First page of the Cody Canada & The Departed archive.

Cody Canada & The Departed – 3 (2018)

Posted by Green on July 5, 2018 with 3 Commentsas

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Cody Canada & The Departed – Adventus (2012)

Posted by on December 2, 2012 with No Commentsas

Adventus is the official coming out party for The Departed,  an arrival, but the soft opening has been going on since Cross Canadian Ragweed disbanded a couple of years ago.  The Departed played 200+ shows during that time, but they’re just now releasing a record of original material (last year’s This Is Indian Land covered Oklahoma songwriters).  As the payoff for waiting, we get a fully realized album, a fine record of Texas/Red Dirt rock.  In my view, it’s one of the best of 2012.  While there are shades of Ragweed (or, better put, Canadian), this is not Cross Canadian Ragweed redux.  This is something new, something better.Straight out of the gate, the band billed themselves as Cody Canada and The Departed, but the Adventus cover just says The Departed.  While you still see references to Cody Canada and The Departed, there seems to be a subtle shift from a front man/backing band arrangement to something more like an ensemble.  Canada is still the mover behind this group in many ways, but he’s not the only one.  Roughly half the tracks on Adventus have Seth James as lead singer (former Ragweed bass player Jeremy Plato sings one and there is one instrumental).  The band is rounded out by the excellent (and well-deployed) keyboards of Steve Littleton as well as the solid (and big) drums of Chris Doege. What to say about the sound of the record?  For someone like me, who leans singer-songwriter, country, and acoustic, but comes from a rock background, it’s a welcome change, a bit of a palette cleanser.  It’s certainly not a quiet, laid back record.  Fans of heavier stuff are going to like its guitars and drums and voices.  Canada’s songs remind us of Ragweed, though they’re a bit more complex, definitely more mature.  He’s got that voice, the voice of Ragweed as we knew it (and loved it), and that unique way of phrasing (both as a singer and a songwriter), that is difficult to describe but unmistakable.  Seth James’s offerings are a bit more straight ahead blues rock.  He even goes gospel rock on a couple of tracks.  His vocals and guitar work are clean and clear, very strong.  The Seth James sound is the big change from Ragweed to The Departed.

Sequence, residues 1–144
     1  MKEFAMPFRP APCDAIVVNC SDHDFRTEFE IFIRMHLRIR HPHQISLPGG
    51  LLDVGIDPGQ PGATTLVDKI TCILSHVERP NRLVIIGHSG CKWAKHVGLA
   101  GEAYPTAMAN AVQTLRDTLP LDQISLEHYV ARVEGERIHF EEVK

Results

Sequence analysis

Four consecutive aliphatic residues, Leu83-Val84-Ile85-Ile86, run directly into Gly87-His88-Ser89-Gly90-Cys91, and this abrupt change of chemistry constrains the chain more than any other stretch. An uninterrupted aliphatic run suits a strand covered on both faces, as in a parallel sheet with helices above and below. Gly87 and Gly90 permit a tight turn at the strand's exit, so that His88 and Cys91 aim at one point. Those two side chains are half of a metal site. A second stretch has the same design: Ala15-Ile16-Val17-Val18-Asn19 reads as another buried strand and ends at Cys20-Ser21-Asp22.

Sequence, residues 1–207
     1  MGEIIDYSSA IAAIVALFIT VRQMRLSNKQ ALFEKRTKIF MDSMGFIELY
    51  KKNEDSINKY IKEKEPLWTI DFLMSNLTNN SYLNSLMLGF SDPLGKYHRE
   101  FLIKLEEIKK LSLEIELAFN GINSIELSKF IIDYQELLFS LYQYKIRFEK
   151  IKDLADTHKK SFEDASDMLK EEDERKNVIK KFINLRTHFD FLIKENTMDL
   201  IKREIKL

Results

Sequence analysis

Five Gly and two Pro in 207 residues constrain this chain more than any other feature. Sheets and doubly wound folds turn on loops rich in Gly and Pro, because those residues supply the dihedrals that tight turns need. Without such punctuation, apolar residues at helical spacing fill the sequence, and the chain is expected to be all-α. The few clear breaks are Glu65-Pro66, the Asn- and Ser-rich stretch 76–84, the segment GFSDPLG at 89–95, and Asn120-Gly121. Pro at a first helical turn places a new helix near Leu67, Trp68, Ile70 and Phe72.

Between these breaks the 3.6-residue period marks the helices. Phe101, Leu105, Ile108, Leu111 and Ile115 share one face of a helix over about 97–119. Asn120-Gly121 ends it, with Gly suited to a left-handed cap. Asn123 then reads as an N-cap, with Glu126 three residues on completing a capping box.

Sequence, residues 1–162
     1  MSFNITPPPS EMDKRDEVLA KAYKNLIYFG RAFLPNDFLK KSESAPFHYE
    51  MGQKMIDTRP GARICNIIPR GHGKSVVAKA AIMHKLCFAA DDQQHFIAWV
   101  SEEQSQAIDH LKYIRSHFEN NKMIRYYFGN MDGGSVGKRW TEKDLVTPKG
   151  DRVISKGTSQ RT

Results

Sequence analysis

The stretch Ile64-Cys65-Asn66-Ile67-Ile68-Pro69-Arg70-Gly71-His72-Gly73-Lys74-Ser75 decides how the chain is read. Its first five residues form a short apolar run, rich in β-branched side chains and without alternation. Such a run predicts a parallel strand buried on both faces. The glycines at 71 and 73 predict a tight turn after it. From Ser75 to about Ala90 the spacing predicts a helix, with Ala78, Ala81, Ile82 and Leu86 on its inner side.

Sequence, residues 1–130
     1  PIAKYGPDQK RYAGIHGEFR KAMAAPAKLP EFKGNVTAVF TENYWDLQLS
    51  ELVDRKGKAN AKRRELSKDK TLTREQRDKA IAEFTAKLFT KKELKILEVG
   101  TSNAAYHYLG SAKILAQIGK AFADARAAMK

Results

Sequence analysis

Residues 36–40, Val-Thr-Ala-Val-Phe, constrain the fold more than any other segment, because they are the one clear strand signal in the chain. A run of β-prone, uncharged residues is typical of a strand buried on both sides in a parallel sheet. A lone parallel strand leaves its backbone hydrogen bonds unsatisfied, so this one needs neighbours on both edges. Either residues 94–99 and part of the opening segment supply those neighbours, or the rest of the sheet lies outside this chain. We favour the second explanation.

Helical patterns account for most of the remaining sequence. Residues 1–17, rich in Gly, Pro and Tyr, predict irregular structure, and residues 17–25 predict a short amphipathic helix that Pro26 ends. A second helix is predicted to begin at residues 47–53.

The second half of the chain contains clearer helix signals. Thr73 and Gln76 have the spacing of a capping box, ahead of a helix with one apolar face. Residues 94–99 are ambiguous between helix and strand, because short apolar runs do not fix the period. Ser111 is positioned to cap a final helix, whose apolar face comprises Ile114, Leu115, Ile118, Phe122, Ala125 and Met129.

mp3 320 kbps | 128 MB | UL